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Australasian Human Research Ethics Consultancy Services Pty Ltd (AHRECS)

Will U.S. academies expel sexual harassers? – Science (May 2018 | Meredith Wadman)0

Posted by Admin in on August 11, 2018

As high-profile sexual harassment cases fuel public criticism, the presidents of the U.S. National Academies of Sciences, Engineering, and Medicine announced last week they may adopt new policies allowing the prestigious bodies to eject members who have committed harassment and other forms of misconduct. Members of the academies—which serve as both honorific societies and advisers to the U.S. government—are elected by existing members to life-long terms, and the bodies currently lack mechanisms for removing them for harassment.

Because scientists and the public “place much trust” in the three Washington, D.C.–based academies, their leadership councils “have begun a dialogue about the standards of professional conduct for membership,” the presidents said in a 22 May statement. “We want to be sure that we are doing everything possible to prevent sexual harassment, to instill a culture of inclusion and respect, and to reinforce that harassment is not tolerated.” The statement was signed by Marcia McNutt, head the National Academy of Sciences (NAS); C. D. Mote Jr., head of the National Academy of Engineering (NAE); and Victor Dzau, head of the National Academy of Medicine (NAM).

Some researchers welcomed the announcement. “This may seem small, but as someone who’s been working with them for 2 years, this is BIG for this organization,” tweeted Kate Clancy, an anthropologist who studies sexual harassment in science at the University of Illinois in Urbana. Clancy helped author an NAS report on sexual harassment in science that will be released on 12 June.

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How scientific publishers can end bullying and harassment in the sciences – Forbes (Ethan Siegel | May 2018)0

Posted by Admin in on August 11, 2018

When it comes to exploring the Universe, many young people get literally starry-eyed at the prospect. The cosmic story of what the Universe is, how it works, where it came from, what its fate is, and how it got to be this way, is a story we all have in common. Millions of children grow up wanting to be scientists; millions still pursue this dream in college and beyond. While some choose other fields or avenues for a variety of reasons, a great many people — particularly women and people of color — leave the field directly due to bullying and harassment. Enduring abuse shouldn’t be a required skill for a successful scientific career, and many people and organizations are working tirelessly to root out this systemic injustice.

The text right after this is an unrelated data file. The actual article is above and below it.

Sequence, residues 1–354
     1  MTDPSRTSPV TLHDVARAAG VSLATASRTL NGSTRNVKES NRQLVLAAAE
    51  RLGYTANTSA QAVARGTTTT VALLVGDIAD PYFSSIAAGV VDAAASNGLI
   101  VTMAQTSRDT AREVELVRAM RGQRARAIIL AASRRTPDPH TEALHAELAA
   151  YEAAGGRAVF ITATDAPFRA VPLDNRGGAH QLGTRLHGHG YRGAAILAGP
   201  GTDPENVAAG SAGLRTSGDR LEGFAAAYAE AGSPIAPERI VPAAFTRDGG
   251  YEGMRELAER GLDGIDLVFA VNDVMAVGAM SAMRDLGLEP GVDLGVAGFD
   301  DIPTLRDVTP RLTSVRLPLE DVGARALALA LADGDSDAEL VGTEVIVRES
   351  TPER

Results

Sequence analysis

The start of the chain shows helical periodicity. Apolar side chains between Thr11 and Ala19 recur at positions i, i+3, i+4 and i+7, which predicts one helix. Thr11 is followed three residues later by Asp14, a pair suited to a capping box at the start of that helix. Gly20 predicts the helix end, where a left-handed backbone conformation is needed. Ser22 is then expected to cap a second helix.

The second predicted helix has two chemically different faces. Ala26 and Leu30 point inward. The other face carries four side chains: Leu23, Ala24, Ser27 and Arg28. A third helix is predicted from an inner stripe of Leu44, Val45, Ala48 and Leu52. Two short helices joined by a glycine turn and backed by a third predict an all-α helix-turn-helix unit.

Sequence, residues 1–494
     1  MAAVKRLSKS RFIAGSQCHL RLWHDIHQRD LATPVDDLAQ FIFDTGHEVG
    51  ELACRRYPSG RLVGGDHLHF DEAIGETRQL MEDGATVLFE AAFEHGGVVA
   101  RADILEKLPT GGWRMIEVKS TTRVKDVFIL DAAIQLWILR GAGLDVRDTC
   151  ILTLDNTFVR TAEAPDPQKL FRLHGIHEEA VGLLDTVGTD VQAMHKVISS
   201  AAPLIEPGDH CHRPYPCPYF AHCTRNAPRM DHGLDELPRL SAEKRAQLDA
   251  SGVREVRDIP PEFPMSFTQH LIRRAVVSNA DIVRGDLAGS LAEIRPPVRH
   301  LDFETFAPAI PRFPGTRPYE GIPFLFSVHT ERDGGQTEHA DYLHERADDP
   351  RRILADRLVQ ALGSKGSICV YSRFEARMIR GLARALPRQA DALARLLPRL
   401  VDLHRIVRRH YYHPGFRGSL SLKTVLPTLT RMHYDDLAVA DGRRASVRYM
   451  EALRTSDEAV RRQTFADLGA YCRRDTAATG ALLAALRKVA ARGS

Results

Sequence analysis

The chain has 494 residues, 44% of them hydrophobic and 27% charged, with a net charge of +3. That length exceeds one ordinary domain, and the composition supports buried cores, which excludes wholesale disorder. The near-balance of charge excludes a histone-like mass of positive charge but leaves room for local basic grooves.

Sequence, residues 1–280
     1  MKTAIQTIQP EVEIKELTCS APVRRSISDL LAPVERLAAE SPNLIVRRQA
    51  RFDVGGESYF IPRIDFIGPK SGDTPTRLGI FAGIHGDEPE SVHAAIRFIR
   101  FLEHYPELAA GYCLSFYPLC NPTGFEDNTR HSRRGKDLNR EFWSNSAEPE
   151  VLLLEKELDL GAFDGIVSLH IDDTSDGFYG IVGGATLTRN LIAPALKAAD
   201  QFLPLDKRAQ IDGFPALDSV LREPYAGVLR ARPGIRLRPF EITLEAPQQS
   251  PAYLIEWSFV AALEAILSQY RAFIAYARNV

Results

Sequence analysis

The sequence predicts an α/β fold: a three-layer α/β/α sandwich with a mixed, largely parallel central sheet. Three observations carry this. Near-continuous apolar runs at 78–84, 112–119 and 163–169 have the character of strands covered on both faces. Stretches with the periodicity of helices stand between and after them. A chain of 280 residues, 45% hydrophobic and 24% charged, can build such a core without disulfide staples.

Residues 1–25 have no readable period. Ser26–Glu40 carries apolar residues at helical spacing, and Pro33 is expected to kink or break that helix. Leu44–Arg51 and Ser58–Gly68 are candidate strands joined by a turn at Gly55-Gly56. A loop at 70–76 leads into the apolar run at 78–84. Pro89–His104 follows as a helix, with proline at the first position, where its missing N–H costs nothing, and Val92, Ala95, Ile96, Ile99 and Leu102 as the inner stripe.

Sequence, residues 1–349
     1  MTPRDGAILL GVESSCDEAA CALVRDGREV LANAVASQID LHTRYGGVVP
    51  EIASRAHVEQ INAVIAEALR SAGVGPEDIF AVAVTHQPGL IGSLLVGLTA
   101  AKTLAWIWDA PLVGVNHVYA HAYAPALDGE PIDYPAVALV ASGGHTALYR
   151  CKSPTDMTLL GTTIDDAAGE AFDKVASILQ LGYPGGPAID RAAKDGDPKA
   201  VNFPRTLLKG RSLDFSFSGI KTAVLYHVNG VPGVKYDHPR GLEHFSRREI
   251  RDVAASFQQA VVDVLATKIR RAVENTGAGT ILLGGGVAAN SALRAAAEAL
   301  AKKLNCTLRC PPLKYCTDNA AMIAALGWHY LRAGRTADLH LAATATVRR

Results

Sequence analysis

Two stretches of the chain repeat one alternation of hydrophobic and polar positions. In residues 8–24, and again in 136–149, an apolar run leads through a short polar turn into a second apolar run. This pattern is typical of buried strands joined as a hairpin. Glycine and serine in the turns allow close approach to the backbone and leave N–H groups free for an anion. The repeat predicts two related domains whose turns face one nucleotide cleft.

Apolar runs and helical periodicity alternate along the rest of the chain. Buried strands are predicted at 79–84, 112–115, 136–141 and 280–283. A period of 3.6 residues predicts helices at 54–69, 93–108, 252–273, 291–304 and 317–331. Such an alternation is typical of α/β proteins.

Many have claimed that this is a complex problem with no easy solutions. But there is a simple solution right in front of us, for every field. If the publishers of scientific journals everywhere enforced a universal code of ethics — if you violate the code, you cannot publish your scientific work — systematic bullies and harassers would be eliminated from their fields. It’s a proposal that demands consideration.

In 2017, scientists conducted the largest, most comprehensive study ever of gendered and racial harassment in the fields of astronomy and planetary science. From the women who responded, 85% reported encountering sexist remarks, with 79% reporting sexist remarks from their peers and 44% reporting sexist remarks from their supervisors. Among all people of color, 68% experienced racist remarks, with 58% reporting racist remarks from their peers and 10% reporting it from their own supervisors. When the #astroSH hashtag trended on Twitter back in 2016, hundreds of stories emerged from people who were bullied and harassed, often to the point where they wound up leaving the field.